Generically, the Virtual Classroom is a teaching and learning environment located within a computer-mediated communication system. Rather than being built of steel and concrete, it consists of a set of group communication and work "spaces" and facilities that are constructed in software. Thus it is a "virtual" facility for interaction among the members of a class, rather than a physical space. Specifically, the Virtual ClassroomTM is NJIT's trademarked name for versions of its Electronic Information Exchange System (EIES2) with special software structures designed to support collaborative learning, including structures to order the transcript of discussions, to force active participation, to allocate unique assignment topics, and an electronic gradebook [4,5,6]. Participation is generally asynchronous or 'anytime/anywhere": that is, the participants may connect at any time around the clock, and from any location in the world accessible by the Internet or a reliable telephone system, rather than having to be online at the same time. The system stores the entries in a permanent, ordered transcript which keeps the equivalent of "bookmarks" to separate anything that is "new" for each individual from items that have already been seen.

The fact that the educational process is asynchronous means students may engage in more reflective thinking before having to answer or discuss issues, as compared to a synchronous or same-time interaction, and it also means that students can participate at their own convenience, and thus better fit the demands of a college degree program into busy lives.

It should be noted that a Virtual Classroom type of environment can be used successfully in many different media mixes:

Some ALN programs were designed to serve on-campus students, and others to serve "distance" students. At NJIT, there is a mix. If students who take most of their courses on campus are permitted to, they will choose to take some portion of their courses via an asynchronous mode such as Virtual Classroom, either because of greater convenience, or because they prefer the mode of interaction. In the fall of 1995, for instance, about half of the students enrolled in the Virtual Classroom + Video undergraduate courses were taking the majority of their degree courses on campus, and half were "distance" students who took the majority of their courses in distance modes. There is also a synergy; if there are two sections, one face to face + VC and the other video + VC, they can be combined in the same online conferences and activities, which seems to motivate students in both sections.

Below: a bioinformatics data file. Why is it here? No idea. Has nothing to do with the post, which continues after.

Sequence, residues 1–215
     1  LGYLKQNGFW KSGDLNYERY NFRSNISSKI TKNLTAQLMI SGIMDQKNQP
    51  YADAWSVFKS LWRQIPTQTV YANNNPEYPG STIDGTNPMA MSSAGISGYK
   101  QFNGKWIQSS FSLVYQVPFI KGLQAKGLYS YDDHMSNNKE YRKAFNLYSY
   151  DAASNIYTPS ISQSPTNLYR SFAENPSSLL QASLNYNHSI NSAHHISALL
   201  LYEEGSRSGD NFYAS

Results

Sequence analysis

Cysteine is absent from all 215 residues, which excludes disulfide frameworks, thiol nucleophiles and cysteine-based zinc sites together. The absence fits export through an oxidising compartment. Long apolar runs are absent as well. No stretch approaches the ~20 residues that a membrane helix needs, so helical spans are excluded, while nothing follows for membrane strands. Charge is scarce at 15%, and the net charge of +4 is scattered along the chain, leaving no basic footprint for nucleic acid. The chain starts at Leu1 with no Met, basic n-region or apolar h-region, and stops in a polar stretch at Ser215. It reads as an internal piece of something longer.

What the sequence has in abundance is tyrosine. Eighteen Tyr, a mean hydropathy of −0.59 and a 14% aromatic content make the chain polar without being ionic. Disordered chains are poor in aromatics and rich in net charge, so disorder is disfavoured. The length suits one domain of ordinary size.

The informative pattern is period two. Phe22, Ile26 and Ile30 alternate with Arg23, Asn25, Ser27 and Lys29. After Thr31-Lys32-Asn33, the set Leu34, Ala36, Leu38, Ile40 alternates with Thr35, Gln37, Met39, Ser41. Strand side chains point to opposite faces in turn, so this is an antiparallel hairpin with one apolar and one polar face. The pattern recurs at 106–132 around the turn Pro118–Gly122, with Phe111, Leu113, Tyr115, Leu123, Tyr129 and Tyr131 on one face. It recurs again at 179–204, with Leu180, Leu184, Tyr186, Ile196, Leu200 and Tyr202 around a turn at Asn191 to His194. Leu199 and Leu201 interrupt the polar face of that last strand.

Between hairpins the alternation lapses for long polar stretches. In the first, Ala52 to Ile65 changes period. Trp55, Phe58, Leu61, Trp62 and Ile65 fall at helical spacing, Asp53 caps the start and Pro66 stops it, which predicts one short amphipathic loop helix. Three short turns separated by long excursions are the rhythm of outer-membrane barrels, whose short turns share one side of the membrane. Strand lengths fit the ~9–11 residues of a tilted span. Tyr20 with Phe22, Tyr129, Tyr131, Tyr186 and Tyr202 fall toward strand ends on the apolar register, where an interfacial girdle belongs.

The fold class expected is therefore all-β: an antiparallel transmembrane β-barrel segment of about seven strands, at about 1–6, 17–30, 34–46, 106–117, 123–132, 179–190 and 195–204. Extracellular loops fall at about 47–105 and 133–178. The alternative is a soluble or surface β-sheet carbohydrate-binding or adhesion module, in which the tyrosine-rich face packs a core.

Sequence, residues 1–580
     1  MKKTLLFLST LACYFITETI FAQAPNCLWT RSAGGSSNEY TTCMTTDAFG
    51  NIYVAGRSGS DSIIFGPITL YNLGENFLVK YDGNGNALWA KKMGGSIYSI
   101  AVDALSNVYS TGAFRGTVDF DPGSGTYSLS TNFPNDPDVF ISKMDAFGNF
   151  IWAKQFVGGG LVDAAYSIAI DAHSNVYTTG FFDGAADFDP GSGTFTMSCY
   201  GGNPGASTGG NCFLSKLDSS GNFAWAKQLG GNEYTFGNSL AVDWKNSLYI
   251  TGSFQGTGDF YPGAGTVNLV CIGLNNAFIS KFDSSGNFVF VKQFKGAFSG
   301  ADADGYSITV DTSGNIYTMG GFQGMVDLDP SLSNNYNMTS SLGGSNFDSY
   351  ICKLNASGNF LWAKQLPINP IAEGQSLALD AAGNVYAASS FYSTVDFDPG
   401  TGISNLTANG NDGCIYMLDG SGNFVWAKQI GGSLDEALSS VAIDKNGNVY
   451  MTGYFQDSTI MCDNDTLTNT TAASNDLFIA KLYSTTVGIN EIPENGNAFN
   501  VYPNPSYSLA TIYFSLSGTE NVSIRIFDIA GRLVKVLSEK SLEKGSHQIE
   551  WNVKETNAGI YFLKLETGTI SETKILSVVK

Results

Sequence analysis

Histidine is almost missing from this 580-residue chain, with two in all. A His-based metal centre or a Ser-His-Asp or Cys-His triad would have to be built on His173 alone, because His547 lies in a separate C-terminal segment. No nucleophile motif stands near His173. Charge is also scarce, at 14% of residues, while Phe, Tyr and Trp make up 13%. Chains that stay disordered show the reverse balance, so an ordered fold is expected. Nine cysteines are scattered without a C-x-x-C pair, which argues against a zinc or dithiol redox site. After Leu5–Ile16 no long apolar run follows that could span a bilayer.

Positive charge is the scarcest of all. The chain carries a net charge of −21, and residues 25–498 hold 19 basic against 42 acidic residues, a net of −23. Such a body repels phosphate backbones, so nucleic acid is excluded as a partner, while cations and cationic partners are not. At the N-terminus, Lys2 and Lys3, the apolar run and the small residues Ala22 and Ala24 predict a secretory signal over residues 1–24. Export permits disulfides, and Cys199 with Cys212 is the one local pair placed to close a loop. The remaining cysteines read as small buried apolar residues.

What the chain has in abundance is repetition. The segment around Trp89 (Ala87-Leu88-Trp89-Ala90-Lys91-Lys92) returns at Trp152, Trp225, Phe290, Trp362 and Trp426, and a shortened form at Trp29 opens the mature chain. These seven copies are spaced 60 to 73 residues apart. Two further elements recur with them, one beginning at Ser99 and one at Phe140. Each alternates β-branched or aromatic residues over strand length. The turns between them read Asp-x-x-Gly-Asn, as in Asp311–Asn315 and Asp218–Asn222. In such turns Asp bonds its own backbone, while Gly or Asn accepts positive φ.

1.1 Collaborative Learning

It does not "work" to simply make an ALN available and tell students that they can use it to ask questions about the readings or discuss aspects of the course at any time. If it is not a "required" and graded, integral part of the course, the majority of the students will never use it at all; and those who start to use it, will generally decide that "nothing is going on there" and will stop using it. The way in which ALN's can best enrich distance delivery, is to serve as the means to create the feeling of a true "class" or group of people who are learning together, and to structure and support a carefully planned series of collaborative learning activities which constitute the assignments for the course.